Mixed Dog Breeds

The term "mixed dog breed" is a misnomer when referring to dogs that are a literal mix of breeds. The terms crossbred, hybrid or designer dogs are used to define dogs that are intentionally bred from two or more separate recognized dog breeds.

The term mixed breed is a preferred synonym for the word "mongrel" in the United States. Some people jokingly refer to them as a "Heinz 57"or Heinz Hound dog. This term is a play on words in reference to the H.J. Heinz company's steak sauce product that is supposed to contain 57 ingredients.

Dogs that are not purebred are referred to as mongrels in the United Kingdom. In the United States and Canada, they are often affectionately referred to as "mutts." In Hawaii, mixed dogs are called "poi dogs." Some American dog clubs and registries use the term "All American" when referring to these dogs.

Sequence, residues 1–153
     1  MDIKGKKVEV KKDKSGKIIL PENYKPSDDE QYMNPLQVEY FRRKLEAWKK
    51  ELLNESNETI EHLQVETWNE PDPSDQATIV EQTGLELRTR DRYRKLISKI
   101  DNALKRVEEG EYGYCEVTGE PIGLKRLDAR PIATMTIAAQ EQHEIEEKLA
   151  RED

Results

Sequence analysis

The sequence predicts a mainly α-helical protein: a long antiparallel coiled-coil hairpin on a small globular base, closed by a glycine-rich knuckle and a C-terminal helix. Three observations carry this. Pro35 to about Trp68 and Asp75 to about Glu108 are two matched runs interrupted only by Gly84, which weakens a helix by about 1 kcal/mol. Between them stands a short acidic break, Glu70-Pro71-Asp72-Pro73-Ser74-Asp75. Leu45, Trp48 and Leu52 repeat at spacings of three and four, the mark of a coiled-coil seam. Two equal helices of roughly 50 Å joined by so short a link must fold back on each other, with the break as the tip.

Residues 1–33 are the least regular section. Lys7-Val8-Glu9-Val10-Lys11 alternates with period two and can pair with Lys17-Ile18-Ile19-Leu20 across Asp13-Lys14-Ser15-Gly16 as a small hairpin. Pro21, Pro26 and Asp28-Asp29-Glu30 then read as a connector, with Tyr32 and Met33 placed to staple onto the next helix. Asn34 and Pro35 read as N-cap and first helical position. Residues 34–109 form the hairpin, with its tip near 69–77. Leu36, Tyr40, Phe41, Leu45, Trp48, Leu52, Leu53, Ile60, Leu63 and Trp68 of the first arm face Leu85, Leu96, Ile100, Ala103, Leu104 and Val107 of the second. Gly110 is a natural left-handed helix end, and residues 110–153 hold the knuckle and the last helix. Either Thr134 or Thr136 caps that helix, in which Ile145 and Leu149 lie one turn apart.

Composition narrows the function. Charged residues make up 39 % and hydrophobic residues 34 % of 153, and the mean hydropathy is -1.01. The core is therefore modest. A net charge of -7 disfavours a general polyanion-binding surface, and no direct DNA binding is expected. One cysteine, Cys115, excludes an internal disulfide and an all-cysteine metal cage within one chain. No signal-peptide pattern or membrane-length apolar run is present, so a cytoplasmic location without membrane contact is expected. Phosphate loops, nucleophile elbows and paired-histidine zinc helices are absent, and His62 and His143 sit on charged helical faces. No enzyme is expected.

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Unlike crossbreds or hybrids, these mixed breed dogs are developed through natural selection without the planned intervention of humans. One exception is the little Sheltie from next door who accidentally becomes "involved" with your purebred Dachshund that goes into heat.

When different dog breeds are mixed, a wide variety of traits and appearances can occur. Some will resemble one breed closely while others have a few traits of each parent. As mixed breed dogs continue interbreeding, subsequent generations develop a roughly similar appearance. They are often fawn or black in color, weigh about 40 pounds and stand between 15 and 23 inches tall at the withers. They are also less prone to genetic disorders than purebred and hybrid dogs. They are most often quite intelligent and loyal. They are the preferred "dog breed" for many.